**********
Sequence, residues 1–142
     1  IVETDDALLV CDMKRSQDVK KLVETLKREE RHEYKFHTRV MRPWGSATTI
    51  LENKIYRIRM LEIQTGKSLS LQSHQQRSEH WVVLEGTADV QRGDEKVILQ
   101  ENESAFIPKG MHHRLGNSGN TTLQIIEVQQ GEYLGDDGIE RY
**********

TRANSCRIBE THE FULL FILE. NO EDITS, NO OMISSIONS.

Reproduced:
Sequence, residues 1–142
     1  IVETDDALLV CDMKRSQDVK KLVETLKREE RHEYKFHTRV MRPWGSATTI
    51  LENKIYRIRM LEIQTGKSLS LQSHQQRSEH WVVLEGTADV QRGDEKVILQ
   101  ENESAFIPKG MHHRLGNSGN TTLQIIEVQQ GEYLGDDGIE RY